AKA Lewis Strang
Louis Strang
Louis Strang
October 21, 1908
Library of Congress Collection, 11-20-07

Two Aviators Plunge to Death.
W. R. Badger and St. Croix Johnstone Meet Death
at Chicago Aviation Meet Tuesday
Both Fatalities Due to Accidents,
Badger Meets Death in Pit
Johnstone Falls 500 Feet Into Lake Michigan
Bangor Daily Commercial,
Wednesday, August 16, 1911
Transcribed by Bob Davis - 11-17-07
Two young aviators, William R. Badger of Pittsburg and St, Croix Johnstone of Chicago lost their lives at the international aviation meet at Chicago, Tuesday. In dying, both revealed the frailty of the craft in which two more aviators were curving and gliding about in the air with scarcely a pause for the deaths of their contemporaries.

Badger flew as he formerly drove racing automobiles, purely as an amateur. He was the stepson of John Goettman of Pittsburg and was 25 years old. He possessed an independent fortune and gratified a well developed speed mania. In the early days of automobiles he was among the first to make amateur records at Daytona and Palm Beach. He was an intimate of Louis Strang, the automobile driver who died beneath the engine of an automobile. Through Strang, Badger became interested in aeroplanes and both became amateur aviators. The meet here, which began last Sunday was Badger's first public appearance. The big mechanical sign board after his death recorded that he had flown up Tuesday, just two hours, 13 minutes and 19 seconds. The flight that ended his life had earned him possibly an hour more when he fell. He dropped just in front of the center of the grandstands and thousands of spectators were within a few hundred yards of the accident. Hundreds leaped the fence, fought past the line of police and into the pit where the wrecked aeroplane lay. There was a near-panic in the field and numerous heads were cracked by police clubs. The injury was announced through the megaphone and five minutes later while Badger was on his way to a hospital, attention and interest had reverted to the men still flying, many of whom offered possibilities of similar thrills and possible fatalities.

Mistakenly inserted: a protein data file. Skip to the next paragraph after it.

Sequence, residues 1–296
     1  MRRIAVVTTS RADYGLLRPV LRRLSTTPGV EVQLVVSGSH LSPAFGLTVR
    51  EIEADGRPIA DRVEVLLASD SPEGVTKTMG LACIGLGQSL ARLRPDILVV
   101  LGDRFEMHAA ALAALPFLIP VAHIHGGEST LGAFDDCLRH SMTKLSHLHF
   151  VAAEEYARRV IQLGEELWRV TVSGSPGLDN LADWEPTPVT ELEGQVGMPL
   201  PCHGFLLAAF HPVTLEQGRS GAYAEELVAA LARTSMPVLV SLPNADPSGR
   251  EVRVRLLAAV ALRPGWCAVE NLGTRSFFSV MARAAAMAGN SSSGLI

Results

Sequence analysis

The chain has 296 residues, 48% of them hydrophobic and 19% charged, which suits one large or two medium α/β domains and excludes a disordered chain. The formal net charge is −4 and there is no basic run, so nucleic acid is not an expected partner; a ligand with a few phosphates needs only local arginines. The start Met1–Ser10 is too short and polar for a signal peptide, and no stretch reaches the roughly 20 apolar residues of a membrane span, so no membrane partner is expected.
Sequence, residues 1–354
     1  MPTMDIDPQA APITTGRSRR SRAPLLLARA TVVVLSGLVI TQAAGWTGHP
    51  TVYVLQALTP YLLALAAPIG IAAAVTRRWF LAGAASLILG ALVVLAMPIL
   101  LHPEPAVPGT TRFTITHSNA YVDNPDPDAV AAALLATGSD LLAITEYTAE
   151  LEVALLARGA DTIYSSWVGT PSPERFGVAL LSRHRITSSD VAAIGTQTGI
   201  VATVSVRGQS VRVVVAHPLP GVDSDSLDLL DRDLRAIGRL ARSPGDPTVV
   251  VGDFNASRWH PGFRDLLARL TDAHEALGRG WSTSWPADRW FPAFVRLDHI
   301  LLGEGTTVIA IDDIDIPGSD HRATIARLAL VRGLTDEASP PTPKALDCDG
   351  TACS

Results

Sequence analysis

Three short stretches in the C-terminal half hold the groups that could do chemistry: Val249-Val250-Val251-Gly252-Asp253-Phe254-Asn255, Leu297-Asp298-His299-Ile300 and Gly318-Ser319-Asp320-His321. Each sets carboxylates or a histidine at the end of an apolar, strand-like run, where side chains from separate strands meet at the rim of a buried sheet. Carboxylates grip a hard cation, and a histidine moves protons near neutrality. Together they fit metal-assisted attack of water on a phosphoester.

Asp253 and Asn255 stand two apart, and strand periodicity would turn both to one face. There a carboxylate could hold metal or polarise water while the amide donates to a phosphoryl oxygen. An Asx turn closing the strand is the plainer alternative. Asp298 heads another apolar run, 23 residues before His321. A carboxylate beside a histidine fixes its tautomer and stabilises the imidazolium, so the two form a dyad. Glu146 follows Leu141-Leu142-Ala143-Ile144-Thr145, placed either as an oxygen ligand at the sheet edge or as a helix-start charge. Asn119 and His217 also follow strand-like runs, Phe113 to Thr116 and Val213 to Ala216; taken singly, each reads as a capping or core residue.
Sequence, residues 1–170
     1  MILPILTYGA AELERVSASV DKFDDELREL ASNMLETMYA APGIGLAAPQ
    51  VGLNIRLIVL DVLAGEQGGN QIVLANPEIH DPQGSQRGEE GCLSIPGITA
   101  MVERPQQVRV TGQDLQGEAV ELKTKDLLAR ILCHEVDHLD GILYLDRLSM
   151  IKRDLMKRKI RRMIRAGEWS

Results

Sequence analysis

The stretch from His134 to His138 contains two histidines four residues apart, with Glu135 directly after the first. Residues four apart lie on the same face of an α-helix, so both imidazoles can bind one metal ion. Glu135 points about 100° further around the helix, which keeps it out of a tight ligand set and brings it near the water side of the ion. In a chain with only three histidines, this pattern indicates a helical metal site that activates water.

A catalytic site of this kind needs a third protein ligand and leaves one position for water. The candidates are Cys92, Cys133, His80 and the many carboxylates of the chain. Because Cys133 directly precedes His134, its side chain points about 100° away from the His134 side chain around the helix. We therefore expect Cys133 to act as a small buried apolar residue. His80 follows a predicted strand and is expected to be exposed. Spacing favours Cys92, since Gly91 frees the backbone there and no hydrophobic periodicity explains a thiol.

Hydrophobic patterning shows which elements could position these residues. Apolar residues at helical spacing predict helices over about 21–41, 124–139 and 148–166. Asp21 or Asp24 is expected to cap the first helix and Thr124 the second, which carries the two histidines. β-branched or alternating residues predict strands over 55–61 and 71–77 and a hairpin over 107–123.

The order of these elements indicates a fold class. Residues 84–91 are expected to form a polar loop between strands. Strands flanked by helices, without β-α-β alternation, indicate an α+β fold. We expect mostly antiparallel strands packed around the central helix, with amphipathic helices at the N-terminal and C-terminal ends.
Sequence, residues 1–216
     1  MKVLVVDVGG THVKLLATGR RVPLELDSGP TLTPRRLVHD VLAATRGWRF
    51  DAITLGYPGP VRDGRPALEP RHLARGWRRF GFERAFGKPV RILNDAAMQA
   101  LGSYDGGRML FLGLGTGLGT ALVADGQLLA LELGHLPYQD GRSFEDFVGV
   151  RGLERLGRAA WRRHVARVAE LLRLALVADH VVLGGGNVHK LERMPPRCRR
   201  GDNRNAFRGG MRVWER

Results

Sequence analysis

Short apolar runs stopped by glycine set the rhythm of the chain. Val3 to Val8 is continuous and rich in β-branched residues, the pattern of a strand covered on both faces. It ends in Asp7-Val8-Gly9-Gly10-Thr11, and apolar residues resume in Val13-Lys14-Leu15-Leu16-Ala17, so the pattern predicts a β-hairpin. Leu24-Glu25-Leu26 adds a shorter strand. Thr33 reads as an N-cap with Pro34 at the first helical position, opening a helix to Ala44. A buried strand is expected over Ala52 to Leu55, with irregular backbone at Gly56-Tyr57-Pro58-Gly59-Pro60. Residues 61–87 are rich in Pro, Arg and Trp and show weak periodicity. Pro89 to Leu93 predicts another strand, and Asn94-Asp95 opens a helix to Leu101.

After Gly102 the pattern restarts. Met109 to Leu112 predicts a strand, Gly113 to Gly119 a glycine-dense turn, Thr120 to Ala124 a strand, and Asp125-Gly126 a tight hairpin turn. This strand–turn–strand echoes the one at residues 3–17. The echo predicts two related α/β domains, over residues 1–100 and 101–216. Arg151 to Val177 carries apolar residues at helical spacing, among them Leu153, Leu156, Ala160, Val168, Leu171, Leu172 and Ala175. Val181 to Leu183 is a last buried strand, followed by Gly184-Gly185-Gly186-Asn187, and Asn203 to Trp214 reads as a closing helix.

Through his friendship with Strang, Badger met Captain Thomas Baldwin. He bought an aeroplane outright and received his flying lessons at Mineola, N.Y. In June, he made a successful flight and was granted a pilot's license. Following this he made further flights and his aviation enthusiasm grew. He practiced with J. C. (Bud) Mars and decided to enter the meet with Mars, although his entry was distinct from the entries controlled by Captain Baldwin. He had planned to finish the meet here and then take the train to Wheeling, whence he wanted to make a triumphal flight in to his home, Pittsburg. He was entered at a coming meet in Boston.


Louis Strang
Strang in His Renault Car
October 21, 1908
Library of Congress Collection, 11-20-07

Louis Strang
Strang's Renault is "Dead" at The Start
Vanderbilt Cup Race - 10-24-1908
Library of Congress Collection, 11-20-07

     If you search for "Louis Strang" +racer, using the Google search engine, (11-18-07), you will find about 50 links. He was best known as a racing car driver. If you use "Louis Strang" +aviation" you will find just four links, only one of which is marginally helpful.

Aviator Starts for Wisconsin, Leaving Long Beach Meet in the Lurch.
     This brief newsclipping, a Special to The New York Times, July 24, 1910, Sunday, simply reports that Strang decided not to take part in a local meet in Long Beach. It does describe the Blériot aeroplane he had planned to fly. If you have registered on this New York Times website, you can read the entire clipping by clicking on the title. Registration is free.
     It is mentioned briefly that:

"They went to the Garden City airport and tried to hire Joe Seymour, George Russell and Philip W. Wilcox"


Lewis Strang, famous automobile racer, who was pinned under his car when
it turned turtle off a five foot embankment

Daring Auto Driver is Killed When Going
Only Five Miles an Hour

To read the whole story, click on the link above.

Editor's Note:
If you have any more information on this Early Flier,
please contact me.
E-mail to Ralph Cooper
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